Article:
Sistah Vegan’s A. Breeze Harper
“Instead of over-dosing on Dunkin’ Donuts when I’ve had a stressful day, when I’ve had to deal with the micro-aggressions of racism in a ‘post-racial’ society, I’ve discovered these healing foods,” she explains in one of her videos. “A lot of the anxieties I had were cured through a more green, raw diet.” At the end of April, Harper is opening up the topic with an interactive web conference, “The Vegan Praxis of Black Lives Matter” that includes discussions with Lauren Ornelas, director of the Food Empowerment Project, Pattrice Jones, co-founder of Vine Sanctuary, as well as vegan chef Bryant Terry.
Harper’s use of comfort food isn’t new; but her dedication to veganism as a way to find comfort from centuries of hurt is fresh and dynamic. In her newsletter Eat Me, feminist writer Jessica Valenti takes a more traditional approach to comfort food: she throws down recipes for sea salt cookies and short ribs, but infuses the publication with articles on the myth of feminist man-hating or the UVA rape case.
“I started Eat Me mostly because I love cooking and food. The idea that because I’m known for writing about feminism I shouldn’t write about anything else felt sort of silly,” Valenti told me via email. “That said, food and cooking are absolutely related to feminism, gender dynamics and relationships — so it did feel like a natural extension of the things I already think about.” Last year, in an essay for The Toast entitled Sunday Sauce, Saving Me, Valenti wrote about how the tradition of making a weekly sauce with her daughter Layla saves her emotionally—she began the tradition after her daughter was born. Layla was a two-pound premature baby; the pregnancy, Valenti writes, “had nearly killed us both” because Valenti developed pre-eclampsia by the 28th week.
By the time the essay is written, Layla is three, and she’s fine, healthy, happy — she has all the checkmarks of childhood. And then Valenti learns she’s pregnant again. The doctors feed her haunting warnings: “Your liver could fail.” “We can’t stop you from getting sick.” “We don’t know what will happen to the baby.” Valenti decides to have an abortion, despite fantasizing about “Layla helping me feed a baby, of sisters holding hands or pulling each other’s hair…” It’s the kind of blending that you don’t usually see in a column about food — but it allows Valenti to dissect why food and feminism are both profound influences on her life.
In a manifesto on her blog, the Feminist Kitchen, Addie Broyles writes that the point of a feminist cooking site is that it allows women to “choose how involved they want to be with the food that sustains them. Many cooks, farmers, canners, sausage-makers, entrepreneurs and even homemakers, who happen to be women, have reclaimed domestic tasks not because they have to, but because they want to.”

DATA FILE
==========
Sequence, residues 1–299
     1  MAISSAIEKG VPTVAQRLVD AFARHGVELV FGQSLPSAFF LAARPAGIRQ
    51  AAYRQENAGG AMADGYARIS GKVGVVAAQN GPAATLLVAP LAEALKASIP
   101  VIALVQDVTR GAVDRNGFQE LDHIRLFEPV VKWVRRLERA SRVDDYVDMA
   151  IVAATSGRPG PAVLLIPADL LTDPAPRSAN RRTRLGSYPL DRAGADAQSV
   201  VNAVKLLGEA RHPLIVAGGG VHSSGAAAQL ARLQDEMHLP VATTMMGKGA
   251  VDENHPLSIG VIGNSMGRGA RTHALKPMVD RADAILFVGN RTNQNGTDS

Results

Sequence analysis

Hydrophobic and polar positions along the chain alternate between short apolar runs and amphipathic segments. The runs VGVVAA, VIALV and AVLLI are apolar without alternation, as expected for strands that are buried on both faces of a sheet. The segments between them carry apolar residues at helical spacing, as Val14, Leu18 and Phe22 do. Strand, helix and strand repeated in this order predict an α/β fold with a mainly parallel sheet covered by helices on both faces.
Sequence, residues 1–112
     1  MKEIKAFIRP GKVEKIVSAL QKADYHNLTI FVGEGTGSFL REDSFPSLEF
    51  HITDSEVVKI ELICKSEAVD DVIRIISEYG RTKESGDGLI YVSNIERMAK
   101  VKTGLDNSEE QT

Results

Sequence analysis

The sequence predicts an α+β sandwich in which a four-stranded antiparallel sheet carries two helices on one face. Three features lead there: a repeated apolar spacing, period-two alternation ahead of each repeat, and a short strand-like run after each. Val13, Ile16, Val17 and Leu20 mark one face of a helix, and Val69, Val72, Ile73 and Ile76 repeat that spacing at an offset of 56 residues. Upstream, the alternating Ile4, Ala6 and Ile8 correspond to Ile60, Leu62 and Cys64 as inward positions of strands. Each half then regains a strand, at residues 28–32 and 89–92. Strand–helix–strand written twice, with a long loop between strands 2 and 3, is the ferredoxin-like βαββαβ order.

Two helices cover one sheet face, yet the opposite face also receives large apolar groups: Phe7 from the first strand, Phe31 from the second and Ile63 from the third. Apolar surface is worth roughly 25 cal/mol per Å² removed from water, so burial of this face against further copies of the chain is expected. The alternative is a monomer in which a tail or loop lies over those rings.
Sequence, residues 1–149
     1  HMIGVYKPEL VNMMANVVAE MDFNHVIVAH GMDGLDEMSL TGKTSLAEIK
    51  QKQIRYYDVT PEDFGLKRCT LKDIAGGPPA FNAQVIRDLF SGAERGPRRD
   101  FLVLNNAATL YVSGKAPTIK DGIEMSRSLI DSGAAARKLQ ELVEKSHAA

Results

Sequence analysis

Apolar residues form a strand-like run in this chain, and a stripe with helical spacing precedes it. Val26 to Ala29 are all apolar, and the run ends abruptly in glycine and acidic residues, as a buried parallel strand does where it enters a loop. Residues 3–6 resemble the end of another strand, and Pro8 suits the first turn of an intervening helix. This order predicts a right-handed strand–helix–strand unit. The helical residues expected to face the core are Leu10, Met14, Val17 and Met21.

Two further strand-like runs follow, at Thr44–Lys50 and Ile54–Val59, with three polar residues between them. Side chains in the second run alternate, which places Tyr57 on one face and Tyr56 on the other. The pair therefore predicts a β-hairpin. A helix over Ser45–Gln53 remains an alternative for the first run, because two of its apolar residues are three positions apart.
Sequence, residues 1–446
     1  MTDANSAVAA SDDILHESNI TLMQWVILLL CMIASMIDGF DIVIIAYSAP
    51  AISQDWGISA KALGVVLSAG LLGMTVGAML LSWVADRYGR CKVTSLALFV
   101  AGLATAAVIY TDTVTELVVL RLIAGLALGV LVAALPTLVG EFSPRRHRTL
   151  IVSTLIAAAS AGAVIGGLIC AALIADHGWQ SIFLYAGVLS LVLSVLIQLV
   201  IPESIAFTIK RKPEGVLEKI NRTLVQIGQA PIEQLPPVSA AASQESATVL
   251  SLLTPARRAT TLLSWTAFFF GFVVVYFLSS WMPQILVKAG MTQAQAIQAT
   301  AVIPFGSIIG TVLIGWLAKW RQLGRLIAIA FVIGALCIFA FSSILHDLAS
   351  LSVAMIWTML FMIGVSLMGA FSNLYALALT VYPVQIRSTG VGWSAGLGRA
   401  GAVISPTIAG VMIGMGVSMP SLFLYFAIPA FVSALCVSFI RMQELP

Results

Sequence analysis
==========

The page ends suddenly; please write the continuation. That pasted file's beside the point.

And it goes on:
Women’s relationship to food is often framed as either something unhealthy or as part of our work. It’s possible that feminist cooking publications will help us regain what Barbara Kingsolver says, in her book Animal, Vegetable, Miracle, that we’ve lost: a food culture. And she blames some of this “lost” food culture on women. She writes:
“When we traded homemaking for careers, we were implicitly promised economic independence and worldly influence. But a devil of a bargain it has turned out to be in terms of daily life. We gave up the aroma of warm bread rising… we received in exchange the minivan and the Lunchable… I consider it the great hoodwink of my generation.”
It’s a guilt-inducing, backwards statement, and at first I took offense to it. My kids get a home-cooked meal once or twice a week; we don’t always eat it together, and I don’t have to make any excuses for that.
But on second glance, I think Kingsolver really means that women can’t possibly be saddled with the task that was once put upon us. There’s an unhealthy sacrifice in that model of serving — the idea that cooking for the family is somehow more important than the health and survival of the mother. Women are now in a place where we need to redefine our relationship to food and cooking in a way that’s about culture and pleasure rather than obligation. It’s precisely why the feminist cooking publication is even that more important: because it raises the female position in the kitchen as something to elevate and revel in — not just to expect.
Hayley Krischer is a freelance writer who has written for The Hairpin, Salon, The New York Times, The Toast and other places. You can find her through her weekly pop culture newsletter So Very or on Twitter.